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The transfer’s guide to UW-Madison

Over the past few months, I have had the joy of transitioning from 4,000 to 40,000 students and from a conservative southern private school to a generally liberal northern public school. The transition, like for most other transfer students, was somewhat trying. Here are some things that I wish I had known:

  1. Credit Evaluation. When you transfer to Madison, almost all classes don’t easily transfer or are retro credits. This makes fulfilling the GenEds a bit more complicated. Try to have as many classes evaluated to fulfill different requirements. The trick is to be extremely proactive during SOAR and take full use of the different advisors available. Even though it might seem attractive to quickly go through the different sessions, sign up for classes and then leave, you will learn that advising at Madison is all about how much you put in it. Check out the Office of Admissions page on credit evaluations, as well as your Student Center for your transfer evaluation.
  2. STAMP (Student Transfer Association and Mentor Program). An organization solely based on helping students like you and me transition to Madison. They host a variety of programs and events throughout the year that help transfers meet other transfers and find the support they need.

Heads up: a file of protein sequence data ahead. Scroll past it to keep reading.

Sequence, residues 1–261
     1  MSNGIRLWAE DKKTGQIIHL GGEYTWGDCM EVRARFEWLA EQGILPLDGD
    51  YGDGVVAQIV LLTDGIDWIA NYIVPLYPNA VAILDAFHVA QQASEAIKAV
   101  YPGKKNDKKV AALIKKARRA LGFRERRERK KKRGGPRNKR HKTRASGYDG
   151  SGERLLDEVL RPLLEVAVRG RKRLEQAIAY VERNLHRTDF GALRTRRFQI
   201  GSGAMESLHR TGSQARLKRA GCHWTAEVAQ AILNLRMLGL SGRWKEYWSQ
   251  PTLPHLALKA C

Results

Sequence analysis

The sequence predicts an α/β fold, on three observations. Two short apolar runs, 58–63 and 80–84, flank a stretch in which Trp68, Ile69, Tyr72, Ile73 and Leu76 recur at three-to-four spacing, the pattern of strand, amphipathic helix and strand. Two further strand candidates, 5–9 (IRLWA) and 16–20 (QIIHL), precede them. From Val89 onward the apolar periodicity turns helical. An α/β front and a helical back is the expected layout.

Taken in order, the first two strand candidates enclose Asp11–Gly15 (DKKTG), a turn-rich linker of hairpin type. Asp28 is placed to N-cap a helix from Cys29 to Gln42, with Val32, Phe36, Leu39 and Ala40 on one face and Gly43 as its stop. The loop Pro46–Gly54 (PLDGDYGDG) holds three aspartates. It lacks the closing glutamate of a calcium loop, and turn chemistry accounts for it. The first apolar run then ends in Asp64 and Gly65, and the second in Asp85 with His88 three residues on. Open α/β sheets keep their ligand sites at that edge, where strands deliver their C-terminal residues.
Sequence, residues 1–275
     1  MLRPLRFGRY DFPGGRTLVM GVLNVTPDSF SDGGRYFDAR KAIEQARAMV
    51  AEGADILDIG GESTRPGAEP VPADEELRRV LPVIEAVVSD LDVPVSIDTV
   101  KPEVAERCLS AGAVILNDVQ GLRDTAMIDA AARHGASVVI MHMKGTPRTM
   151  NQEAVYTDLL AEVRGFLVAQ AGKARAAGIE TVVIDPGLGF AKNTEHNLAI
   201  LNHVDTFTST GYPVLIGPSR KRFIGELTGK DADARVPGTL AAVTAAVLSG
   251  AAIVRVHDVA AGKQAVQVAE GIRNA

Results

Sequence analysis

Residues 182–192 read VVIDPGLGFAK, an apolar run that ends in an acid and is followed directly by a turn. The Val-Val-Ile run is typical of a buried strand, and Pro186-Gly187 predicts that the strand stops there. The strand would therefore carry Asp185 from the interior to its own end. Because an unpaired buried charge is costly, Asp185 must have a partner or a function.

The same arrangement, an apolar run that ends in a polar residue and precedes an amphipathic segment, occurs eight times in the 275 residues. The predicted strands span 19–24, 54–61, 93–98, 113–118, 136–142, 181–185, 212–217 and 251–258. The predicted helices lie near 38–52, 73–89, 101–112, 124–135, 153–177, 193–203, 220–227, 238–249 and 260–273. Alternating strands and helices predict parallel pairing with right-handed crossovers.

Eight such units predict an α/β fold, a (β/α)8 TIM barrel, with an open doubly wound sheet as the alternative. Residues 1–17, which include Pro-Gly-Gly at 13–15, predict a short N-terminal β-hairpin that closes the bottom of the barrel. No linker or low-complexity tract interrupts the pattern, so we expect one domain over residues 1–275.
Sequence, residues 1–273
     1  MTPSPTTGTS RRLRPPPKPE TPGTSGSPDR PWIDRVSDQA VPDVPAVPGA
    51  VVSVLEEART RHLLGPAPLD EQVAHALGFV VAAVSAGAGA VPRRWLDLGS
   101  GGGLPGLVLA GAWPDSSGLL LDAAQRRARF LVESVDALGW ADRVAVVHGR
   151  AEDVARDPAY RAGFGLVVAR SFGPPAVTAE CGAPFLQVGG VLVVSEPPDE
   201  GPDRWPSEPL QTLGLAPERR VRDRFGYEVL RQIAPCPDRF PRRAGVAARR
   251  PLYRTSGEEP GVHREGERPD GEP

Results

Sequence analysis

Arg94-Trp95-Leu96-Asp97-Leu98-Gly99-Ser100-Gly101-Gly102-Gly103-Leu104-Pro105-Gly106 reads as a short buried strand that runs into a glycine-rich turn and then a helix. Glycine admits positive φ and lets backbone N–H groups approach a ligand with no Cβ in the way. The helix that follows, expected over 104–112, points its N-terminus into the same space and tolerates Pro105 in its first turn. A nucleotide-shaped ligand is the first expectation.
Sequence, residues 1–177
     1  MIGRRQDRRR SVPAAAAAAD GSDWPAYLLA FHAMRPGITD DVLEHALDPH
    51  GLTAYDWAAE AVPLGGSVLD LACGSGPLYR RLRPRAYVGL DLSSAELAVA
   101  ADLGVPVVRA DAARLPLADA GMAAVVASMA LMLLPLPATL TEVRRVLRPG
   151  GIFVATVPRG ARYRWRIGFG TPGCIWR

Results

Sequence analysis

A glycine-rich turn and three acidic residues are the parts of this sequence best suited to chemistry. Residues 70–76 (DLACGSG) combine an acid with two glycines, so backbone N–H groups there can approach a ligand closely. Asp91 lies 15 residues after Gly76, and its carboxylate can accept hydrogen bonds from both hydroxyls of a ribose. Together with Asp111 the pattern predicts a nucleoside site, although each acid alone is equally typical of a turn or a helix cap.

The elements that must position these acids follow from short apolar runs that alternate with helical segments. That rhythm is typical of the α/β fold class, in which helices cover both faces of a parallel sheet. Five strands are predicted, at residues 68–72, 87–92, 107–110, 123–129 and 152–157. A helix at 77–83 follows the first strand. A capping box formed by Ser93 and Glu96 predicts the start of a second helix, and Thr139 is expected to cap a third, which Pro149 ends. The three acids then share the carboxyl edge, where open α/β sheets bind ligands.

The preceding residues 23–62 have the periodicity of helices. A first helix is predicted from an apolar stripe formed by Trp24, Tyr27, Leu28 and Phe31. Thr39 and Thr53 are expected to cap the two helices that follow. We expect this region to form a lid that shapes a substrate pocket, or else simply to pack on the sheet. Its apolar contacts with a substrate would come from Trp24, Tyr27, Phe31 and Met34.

3. Get Involved! Being at a large school means that there are lots of opportunities to get involved with, whether it is volunteering, joining a club (Her Campus!), becoming part of Greek life and so much more. This also means that it is really easy to fall through the cracks. One way of learning about all the different ways of getting involved is to check out the Student Org Fair. If you miss it, be sure to check out the student org directory and take the initiative to get involved.
  4. Branch out from high school friends. Don’t be shy about meeting new people. It is nice to get together with old friends and have a nice comfort zone. But you can also make new friends through these people, too. Just remember, there are 40,000 students here and most of them are willing to make new friends.
  5. GO TO SPORTING EVENTS! You are now enrolled in one of the country’s top universities both academically and athletically, so now you should support the teams (especially your fellow collegiettes on the women’s teams)! People are always selling tickets on Facebook.
  6. SO. Probably one of the best things about the community of Madison. Truthfully, I had no idea what they were until December, but now I am addicted. They are funny, supportive and allow people to have their moments. Check them out: http://www.badgerherald.com/shoutouts/index.php.

All in all, just remember that college is a time of new experiences and to go out and do something fun and crazy! Welcome to Madison.

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